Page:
A lonely Japanese woman becomes convinced that a satchel of money buried and lost in a fictional film, is in fact, real. With a crudely drawn treasure map and limited preparation, she escapes her structured life in Tokyo and embarks on a foolhardy quest across the frozen tundra of Minnesota in search of her mythical fortune.
The 1996 Oscar-winning Coen Brothers film 'Fargo' kicks off with the following title card, "This is a true story. The events depicted in this film took place in Minnesota in 1987. At the request of the survivors, the names have been changed. Out of respect for the dead, the rest has been told exactly as it occurred" – which is absolutely untrue. But a disconnected 29-year-old Japanese office worker didn't know that.
'Kumiko, the Treasure Hunter' kicks off by showing its titular character, Kumiko (Rinko Kikuchi), on a lesser treasure hunt that leads to her going on "the big one." With a needlepoint map, she finds a coastal cave that conceals a bootleg VHS copy of 'Fargo.' When she returns to her cluttered Tokyo apartment, she pops the cassette into her VCR and misreads the film's title card, believing that the movie itself is as true as a documentary. In her mind, there's a cash-filled briefcase buried in the snow alongside a long fence-lined highway that's ripe for the picking.
Just like 'Fargo,' 'Kumiko, The Treasure Hunter' is also believed to tell a wildly and seemingly unbelievable true story. An urban legend surfaced years ago about a Japanese girl under this same circumstance who headed to North America. Like most urban legends and films that tout themselves as being "based on a true story," take what follows with a grain of salt.
With her boss' company credit card, Kumiko heads to the United States ill-equipped and ill-prepared. Unfortunately, her adventure doesn't begin until nearly halfway into the film. Everything that happens in Tokyo is slow, dry, humor-less and ultimately meaningless. It isn't until we get to North Dakota that 'Kumiko' ultimately finds its footing. With no surprise, much of the second half contains a Coen-esque sensibility that fittingly works quite well.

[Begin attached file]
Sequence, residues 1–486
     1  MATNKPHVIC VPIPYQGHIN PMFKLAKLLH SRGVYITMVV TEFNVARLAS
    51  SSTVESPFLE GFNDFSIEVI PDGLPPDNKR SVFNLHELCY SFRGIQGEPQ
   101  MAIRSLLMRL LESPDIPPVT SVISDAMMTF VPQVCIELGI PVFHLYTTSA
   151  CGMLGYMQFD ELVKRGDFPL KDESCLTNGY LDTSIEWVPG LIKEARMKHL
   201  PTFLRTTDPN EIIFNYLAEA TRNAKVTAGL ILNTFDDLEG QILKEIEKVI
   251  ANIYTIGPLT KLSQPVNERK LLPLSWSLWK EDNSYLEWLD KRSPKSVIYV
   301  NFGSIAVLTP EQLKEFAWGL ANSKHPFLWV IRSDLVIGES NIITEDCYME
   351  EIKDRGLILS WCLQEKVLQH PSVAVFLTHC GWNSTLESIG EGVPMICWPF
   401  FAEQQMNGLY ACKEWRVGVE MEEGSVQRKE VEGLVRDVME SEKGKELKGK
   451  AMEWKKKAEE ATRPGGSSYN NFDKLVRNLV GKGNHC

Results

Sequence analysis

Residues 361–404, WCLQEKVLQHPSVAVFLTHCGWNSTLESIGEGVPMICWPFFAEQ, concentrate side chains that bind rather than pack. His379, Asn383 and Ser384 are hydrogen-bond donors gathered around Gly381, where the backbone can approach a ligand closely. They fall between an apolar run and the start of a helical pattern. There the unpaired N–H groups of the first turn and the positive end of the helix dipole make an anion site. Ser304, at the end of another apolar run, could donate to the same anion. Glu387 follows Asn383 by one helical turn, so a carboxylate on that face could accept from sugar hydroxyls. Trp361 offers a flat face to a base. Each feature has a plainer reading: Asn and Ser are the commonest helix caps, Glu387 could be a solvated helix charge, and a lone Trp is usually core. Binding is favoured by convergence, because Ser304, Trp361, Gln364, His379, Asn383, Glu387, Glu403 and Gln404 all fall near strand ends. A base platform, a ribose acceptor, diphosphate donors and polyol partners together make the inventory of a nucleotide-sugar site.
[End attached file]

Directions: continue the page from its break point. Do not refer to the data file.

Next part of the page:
Once in the U.S., Kumiko meets colorful characters that finally warrant audience reaction. As if viewed through foreigner eyes, the Americans are made out to be distracted, clueless, bumbling, naïve, gullible characters – and it's entertaining! It's like they stepped right out of 'Fargo' and into 'Kumiko.' As much help as the equally disconnected Americans offer her, none of them take impatient Kumiko where she wants to go with the urgency that she would like. One-by-one she abandons them and heads off in search of her destiny like a Spanish conquistador.
The story of fictional Kumiko is a witty and fun one; however, there's not enough in 'The Treasure Hunter' to spread it out into a feature-length format. I feel that's the reason for so much pre-journey content set in Japan and for so much repetitious and meandering content once stateside. The concept is great, but the structure can't sustain it.
For the Coen fans out there, although far from being perfect, 'Kumiko, The Treasure Hunter' is worth seeing once. The elements that work well really work well. Kikuchi delivers a strong performance, one that's praiseworthy on multiple occasions. A long-take phone conversation between her and her mother is stunning perfection. The screenplay's ability to replicate Coen characters, scenarios and flavors of comedy is priceless. The cinematography is absolutely gorgeous. In those ways, 'Kumiko, The Treasure Hunter' shines – but not brightly enough to keep it from getting bogged down by the rest.